by Louise Campbell
The gesture that marks the beginning of the Jubilee Year of Mercy is the opening of the Holy Door of the Basilica of St Peter’s in Rome.

Pope Francis opens the Holy Door of St. Peter's Basilica to inaugurate the Jubilee Year of Mercy at the Vatican Dec. 8. (CNS photo/Maurizio Brambatti, EPA) See POPE-MERCY-DOOR Dec. 8, 2015.
Pope Francis opens the Holy Door of St. Peter’s Basilica to inaugurate the Jubilee Year of Mercy at the Vatican Dec. 8. (CNS photo/Maurizio Brambatti, EPA) See POPE-MERCY-DOOR Dec. 8, 2015.

On that day, the holy door will become a door of mercy, open to anyone who seeks “the love of a God who consoles, pardons and instils hope” (Misericordiae Vultus, The Face of Mercy).
Pope Francis chose December 8, the Solemnity of the Immaculate Conception of the Blessed Virgin Mary, to open this door of mercy.
This feast day recalls God’s creative and tender response to human sin and suffering, through the new hope and possibilities embodied in Mary.
This date also recalls the 50th anniversary of the closing of Vatican Council II, a council that “breathed new life into the Church”, calling it to be a “living sign of the Father’s love to the world”.
Pope Francis has invited all local churches to open their own doors of mercy on the third Sunday of Advent, December 13. Cathedrals in each New Zealand diocese, as well as St Mary’s, Motuti, and possibly churches at other sacred sites, will open doors of mercy to serve as foci for pilgrimage throughout the year.
Why open a holy door?
For centuries the act of passing through a holy door has been a ritual expression of conversion. Pilgrims and penitents have passed through such doors, seeking to cross a threshold; moving from slavery to freedom, from sin to grace, from darkness to light. Can you hear the echoes of salvation history?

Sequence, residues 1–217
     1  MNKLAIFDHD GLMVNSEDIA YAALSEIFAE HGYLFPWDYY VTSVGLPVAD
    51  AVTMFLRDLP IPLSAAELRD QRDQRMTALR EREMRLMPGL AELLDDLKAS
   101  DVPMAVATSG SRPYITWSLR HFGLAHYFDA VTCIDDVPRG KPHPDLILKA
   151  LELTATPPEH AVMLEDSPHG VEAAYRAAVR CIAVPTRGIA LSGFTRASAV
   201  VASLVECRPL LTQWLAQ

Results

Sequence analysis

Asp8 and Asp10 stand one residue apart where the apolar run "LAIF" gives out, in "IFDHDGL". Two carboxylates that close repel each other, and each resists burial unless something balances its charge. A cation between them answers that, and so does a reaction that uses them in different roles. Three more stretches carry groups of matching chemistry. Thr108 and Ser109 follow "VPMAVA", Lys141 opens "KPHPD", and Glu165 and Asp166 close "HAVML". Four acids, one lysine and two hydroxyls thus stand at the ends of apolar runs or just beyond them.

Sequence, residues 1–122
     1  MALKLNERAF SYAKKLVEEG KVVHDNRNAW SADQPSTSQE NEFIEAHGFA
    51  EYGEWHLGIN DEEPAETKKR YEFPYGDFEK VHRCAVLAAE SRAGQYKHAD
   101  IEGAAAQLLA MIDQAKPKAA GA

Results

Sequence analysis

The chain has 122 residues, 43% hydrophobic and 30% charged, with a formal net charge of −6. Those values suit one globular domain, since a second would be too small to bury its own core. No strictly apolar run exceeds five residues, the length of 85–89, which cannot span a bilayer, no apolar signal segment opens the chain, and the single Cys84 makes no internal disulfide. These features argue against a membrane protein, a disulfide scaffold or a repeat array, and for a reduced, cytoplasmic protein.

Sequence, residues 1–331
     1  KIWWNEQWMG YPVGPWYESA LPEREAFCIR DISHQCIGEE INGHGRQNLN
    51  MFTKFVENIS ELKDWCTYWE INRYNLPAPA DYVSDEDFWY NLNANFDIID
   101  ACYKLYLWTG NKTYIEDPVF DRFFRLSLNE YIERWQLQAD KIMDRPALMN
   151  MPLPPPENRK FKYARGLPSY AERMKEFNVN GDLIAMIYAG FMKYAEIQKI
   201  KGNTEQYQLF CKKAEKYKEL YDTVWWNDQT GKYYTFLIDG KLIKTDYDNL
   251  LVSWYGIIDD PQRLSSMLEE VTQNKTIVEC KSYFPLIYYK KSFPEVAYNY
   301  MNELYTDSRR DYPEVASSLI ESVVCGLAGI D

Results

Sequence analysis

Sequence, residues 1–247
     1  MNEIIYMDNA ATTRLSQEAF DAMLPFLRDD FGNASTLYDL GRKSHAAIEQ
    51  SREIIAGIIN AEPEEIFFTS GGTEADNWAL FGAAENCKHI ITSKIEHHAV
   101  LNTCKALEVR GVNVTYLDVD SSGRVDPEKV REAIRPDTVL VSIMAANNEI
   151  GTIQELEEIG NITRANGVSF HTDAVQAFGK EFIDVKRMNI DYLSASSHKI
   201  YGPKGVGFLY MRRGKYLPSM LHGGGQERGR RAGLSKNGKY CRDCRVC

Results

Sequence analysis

The thresholds of the door to all our churches mark countless moments of pilgrimage. On any day, people pass through to make a visit, attend a liturgy, seek help or simply enter to look around. Many sacramental rituals begin at the door.
The door is where the priest welcomes parents who bring their child for baptism; catechumens to the rite of acceptance and the bride and groom to their wedding liturgy. The door is where the priest will receive our coffin before the funeral liturgy begins.
The door of the church finds its ultimate meaning in its association with Christ. Jesus is the Door to new life. Pope Francis makes this clear: There is only one way that opens wide the entrance into the life of communion with God: this is Jesus. To him alone can the words of the psalmist be applied in full truth: “This is the door of the Lord where the just may enter.”
As we prepare to create holy doors in our cathedrals and other significant places of mercy, let us pause and reflect that every time we “go to Church” we are making a little pilgrimage, and every act of passing through the door offers a moment of grace and remembrance. Jesus is the Door through which we enter and are so warmly welcomed in. The challenge is to embody the mercy we receive through God’s grace within the Church and take it out to others when we leave.
Louise Campbell is the director of the National Liturgy Office.

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